Let’s Not Quibble With Our Health : Clinton’s plan isn’t perfect. But if it fails, many Americans will lose the opportunity of a lifetime’s peace of mind.

<i> Catherine O'Neill of Los Angeles is co-founder of the Women's Commission for Refugee Women and Children. </i>

We have an irrational health-care delivery system in our country, one that decides that only if you are over 65, poor, very rich or a public employee do you have the relative security of knowing that your basic health-care needs will be taken care of.

Everyone else is on their own. As people lose jobs, get excluded from health-insurance plans because of “pre-existing conditions” and watch corporate plans being cut back, reality is sinking in.

Tonight, President Clinton, who was elected with health-care security as a central theme of his campaign, will address the nation on the plan he intends to send to Congress. Everyone who listens will have a quibble; there should be a “single payer” plan, some health-care services should be more tightly rationed as Oregon has done, too much of the burden is being borne by small business, a value-added tax should pay for it.

I share many of those “quibbles.” But it is “quibbles” and the failure of Congress and uninterested administrations that have left us in this predicament. If this chance passes, we cannot be fooled into thinking that a new national health-care effort will be undertaken in the near future.


For everyone who feels there is a chance of losing a job and the health insurance it carries, for everyone secure in a job who understands that from now on corporations will be reducing the health-benefits packages of their employees because of costs and for the self-employed, creative people who contribute so much to the economy of Southern California, the moment is now to let our Congressional representatives know we want a basic health-care package passed this Congressional term, and no excuses will be accepted.

We in Los Angeles have some voice in what happens. The chairman of the house subcommittee that will review the plan is Henry Waxman (D-Los Angeles), who has long collected vast political contributions from the health-care industry. Thus far, Waxman, who in his 14 years chairing the health subcommittee has failed to get a plan for all sent before Congress, has only publicly expressed quibbles.

He does not want Medicare or Medicaid cut too much. We all know that the lobby of senior citizens is one of the most powerful of political voices; Waxman has been very responsive to their requests. All federal employees, including Waxman and his family, now benefit from one of the best health-care plans in the nation. Many of them won’t be as happy with the plan proposed by the President tonight. Federal employees will have the same level of health insurance as the rest of us. That’s as it should be.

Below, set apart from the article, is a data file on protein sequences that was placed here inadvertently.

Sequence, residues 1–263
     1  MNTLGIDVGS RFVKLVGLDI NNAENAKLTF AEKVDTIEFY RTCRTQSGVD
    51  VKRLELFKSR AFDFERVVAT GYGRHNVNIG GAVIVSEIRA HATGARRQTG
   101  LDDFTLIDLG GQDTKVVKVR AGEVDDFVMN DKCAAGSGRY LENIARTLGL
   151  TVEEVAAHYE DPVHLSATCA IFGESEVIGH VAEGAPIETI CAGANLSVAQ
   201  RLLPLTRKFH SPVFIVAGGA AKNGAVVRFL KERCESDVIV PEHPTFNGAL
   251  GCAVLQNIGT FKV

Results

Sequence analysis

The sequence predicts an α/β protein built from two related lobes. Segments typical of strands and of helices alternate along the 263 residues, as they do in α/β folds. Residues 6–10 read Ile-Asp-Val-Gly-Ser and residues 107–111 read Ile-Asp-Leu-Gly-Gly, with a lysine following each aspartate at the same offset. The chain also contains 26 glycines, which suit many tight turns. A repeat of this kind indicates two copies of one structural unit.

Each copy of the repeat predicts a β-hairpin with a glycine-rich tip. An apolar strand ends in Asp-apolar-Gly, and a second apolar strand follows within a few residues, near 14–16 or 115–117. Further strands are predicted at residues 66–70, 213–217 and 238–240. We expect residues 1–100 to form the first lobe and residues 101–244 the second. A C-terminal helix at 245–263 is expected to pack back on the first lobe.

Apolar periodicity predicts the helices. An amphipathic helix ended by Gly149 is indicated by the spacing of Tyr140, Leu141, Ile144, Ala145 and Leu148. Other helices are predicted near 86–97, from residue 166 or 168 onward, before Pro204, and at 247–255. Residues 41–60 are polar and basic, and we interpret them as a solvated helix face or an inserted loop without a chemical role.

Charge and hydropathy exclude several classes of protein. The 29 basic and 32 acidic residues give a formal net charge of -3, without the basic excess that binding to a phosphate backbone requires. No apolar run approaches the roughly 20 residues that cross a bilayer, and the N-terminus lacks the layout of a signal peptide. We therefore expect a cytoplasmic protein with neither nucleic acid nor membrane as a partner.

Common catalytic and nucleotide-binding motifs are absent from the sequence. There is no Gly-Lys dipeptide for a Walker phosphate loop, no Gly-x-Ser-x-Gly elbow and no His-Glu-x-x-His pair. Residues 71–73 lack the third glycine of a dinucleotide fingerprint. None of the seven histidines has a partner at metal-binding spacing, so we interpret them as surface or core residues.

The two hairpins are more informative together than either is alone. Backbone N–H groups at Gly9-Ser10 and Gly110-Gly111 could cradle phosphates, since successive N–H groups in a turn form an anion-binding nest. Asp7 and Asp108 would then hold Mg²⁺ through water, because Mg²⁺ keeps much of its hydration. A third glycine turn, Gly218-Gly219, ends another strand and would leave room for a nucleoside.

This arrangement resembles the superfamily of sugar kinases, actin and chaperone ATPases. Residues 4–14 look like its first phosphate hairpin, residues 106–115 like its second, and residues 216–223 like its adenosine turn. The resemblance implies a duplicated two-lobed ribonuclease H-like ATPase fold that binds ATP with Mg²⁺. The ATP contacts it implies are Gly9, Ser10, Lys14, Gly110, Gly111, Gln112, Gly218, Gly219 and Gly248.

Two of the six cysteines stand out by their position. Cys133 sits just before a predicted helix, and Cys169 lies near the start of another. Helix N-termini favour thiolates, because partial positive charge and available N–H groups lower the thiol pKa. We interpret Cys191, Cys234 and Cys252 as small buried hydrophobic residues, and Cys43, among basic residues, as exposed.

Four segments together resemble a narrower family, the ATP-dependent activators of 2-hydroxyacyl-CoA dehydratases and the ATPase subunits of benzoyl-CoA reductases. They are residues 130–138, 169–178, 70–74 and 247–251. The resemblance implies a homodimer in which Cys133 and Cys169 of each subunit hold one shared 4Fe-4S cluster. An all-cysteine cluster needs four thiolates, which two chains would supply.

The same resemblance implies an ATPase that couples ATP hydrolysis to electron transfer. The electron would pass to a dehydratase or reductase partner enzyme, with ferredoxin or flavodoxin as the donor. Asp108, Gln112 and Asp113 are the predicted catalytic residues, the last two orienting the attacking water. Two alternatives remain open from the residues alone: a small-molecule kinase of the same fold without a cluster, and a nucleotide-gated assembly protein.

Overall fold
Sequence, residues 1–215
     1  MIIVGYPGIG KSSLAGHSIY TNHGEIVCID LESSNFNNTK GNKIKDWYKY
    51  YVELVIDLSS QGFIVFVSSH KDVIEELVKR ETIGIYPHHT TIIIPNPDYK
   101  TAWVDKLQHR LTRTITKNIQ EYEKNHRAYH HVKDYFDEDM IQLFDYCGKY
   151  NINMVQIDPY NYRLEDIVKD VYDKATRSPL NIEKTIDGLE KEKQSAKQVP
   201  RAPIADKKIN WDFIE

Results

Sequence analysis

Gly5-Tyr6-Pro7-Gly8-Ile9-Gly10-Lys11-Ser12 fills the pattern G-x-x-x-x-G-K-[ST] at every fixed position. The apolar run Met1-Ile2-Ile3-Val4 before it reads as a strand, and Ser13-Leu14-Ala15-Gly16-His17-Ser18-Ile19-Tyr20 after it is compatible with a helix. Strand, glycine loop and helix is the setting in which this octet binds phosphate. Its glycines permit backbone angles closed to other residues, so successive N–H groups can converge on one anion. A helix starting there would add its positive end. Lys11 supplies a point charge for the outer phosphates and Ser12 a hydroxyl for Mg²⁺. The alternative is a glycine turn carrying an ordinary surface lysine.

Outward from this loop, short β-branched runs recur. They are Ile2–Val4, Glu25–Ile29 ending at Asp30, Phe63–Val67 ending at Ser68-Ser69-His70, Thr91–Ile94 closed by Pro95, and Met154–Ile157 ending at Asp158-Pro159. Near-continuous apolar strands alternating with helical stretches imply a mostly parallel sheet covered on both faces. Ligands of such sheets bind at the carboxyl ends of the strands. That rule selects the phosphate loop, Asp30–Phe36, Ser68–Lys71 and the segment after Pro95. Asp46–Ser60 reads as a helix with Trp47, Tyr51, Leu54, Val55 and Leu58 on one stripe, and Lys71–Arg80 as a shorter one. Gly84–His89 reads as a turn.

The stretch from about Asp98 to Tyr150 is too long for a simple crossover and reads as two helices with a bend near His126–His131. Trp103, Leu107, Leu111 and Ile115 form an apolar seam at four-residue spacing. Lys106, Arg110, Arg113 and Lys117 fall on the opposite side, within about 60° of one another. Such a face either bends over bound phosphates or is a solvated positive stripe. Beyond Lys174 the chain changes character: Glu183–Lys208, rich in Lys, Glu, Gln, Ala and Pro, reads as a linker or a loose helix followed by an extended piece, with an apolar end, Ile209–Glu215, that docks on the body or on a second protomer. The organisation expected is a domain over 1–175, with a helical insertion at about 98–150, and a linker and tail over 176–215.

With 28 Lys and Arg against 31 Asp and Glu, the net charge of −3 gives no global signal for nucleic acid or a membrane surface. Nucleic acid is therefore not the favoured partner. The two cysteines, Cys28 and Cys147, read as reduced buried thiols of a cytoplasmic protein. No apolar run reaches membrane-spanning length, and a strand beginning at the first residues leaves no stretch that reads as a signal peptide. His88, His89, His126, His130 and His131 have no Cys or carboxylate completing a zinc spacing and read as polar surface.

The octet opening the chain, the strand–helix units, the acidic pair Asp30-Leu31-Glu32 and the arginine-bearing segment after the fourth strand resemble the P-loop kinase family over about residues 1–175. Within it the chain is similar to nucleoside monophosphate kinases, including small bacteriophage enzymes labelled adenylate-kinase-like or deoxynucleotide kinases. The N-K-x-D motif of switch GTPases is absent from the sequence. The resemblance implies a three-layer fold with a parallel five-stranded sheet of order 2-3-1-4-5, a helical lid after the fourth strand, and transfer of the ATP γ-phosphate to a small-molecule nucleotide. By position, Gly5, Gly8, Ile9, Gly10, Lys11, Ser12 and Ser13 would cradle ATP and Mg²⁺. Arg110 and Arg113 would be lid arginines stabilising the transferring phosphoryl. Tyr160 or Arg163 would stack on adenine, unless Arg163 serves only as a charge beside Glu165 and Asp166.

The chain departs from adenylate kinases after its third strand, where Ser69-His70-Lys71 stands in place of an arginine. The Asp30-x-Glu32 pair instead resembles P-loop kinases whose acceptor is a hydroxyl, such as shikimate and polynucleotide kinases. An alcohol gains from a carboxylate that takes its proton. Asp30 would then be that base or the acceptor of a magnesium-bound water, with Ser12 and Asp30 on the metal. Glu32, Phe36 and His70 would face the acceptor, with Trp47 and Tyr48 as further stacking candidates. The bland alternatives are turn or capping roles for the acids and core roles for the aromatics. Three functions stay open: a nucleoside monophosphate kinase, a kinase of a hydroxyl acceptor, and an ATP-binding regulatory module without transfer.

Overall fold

Waxman also needs to listen to the voices of people in his district who are not Medicare recipients, but whose hearts are heavy with concerns over health care--the actresses who have had breast cancer and worry that they are “uninsurable” if they cannot meet the minimum annual earnings required by the Screen Actors Guild for health insurance eligibility, the young people who do not get health insurance with their odd jobs in cafes and restaurants, the employed people who live in terror that they will lose their jobs and with it the care for their painful back problems.


Tonight, Clinton will share with us his imperfect plan to release us from that chronic underlying anxiety. There should be no greater domestic political priority than getting a basic health-care package passed with all deliberate speed.

Clinton should hold the North American Free Trade Agreement, which many Republicans so badly want, hostage to their support for his health-care program. Both parties should work together to make basic health care a reality for all Americans. They share responsibility for their failure to act before we reached this crisis stage.

Each of us, in our families and in our friendships, is reminded daily how fragile is that thing called health. A compassionate, democratic society should not make access to care a gamble. Too many people will lose.